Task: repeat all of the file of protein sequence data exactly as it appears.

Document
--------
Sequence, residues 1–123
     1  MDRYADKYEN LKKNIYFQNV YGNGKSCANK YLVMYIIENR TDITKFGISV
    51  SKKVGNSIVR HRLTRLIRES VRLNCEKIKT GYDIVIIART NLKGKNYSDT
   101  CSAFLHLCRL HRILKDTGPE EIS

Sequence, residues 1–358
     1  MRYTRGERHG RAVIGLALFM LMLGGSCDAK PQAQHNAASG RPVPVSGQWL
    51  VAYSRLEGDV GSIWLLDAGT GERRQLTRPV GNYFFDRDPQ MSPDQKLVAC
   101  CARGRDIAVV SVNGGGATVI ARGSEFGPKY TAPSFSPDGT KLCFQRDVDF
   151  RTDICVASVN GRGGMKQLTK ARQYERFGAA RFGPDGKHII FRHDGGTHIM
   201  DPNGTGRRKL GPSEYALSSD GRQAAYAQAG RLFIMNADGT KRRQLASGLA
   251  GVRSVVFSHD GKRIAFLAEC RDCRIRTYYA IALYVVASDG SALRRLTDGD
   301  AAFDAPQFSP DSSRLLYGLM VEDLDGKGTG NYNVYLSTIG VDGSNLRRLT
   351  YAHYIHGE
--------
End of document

Sequence, residues 1–123
     1  MDRYADKYEN LKKNIYFQNV YGNGKSCANK YLVMYIIENR TDITKFGISV
    51  SKKVGNSIVR HRLTRLIRES VRLNCEKIKT GYDIVIIART NLKGKNYSDT
   101  CSAFLHLCRL HRILKDTGPE EIS

Sequence, residues 1–358
     1  MRYTRGERHG RAVIGLALFM LMLGGSCDAK PQAQHNAASG RPVPVSGQWL
    51  VAYSRLEGDV GSIWLLDAGT GERRQLTRPV GNYFFDRDPQ MSPDQKLVAC
   101  CARGRDIAVV SVNGGGATVI ARGSEFGPKY TAPSFSPDGT KLCFQRDVDF
   151  RTDICVASVN GRGGMKQLTK ARQYERFGAA RFGPDGKHII FRHDGGTHIM
   201  DPNGTGRRKL GPSEYALSSD GRQAAYAQAG RLFIMNADGT KRRQLASGLA
   251  GVRSVVFSHD GKRIAFLAEC RDCRIRTYYA IALYVVASDG SALRRLTDGD
   301  AAFDAPQFSP DSSRLLYGLM VEDLDGKGTG NYNVYLSTIG VDGSNLRRLT
   351  YAHYIHGE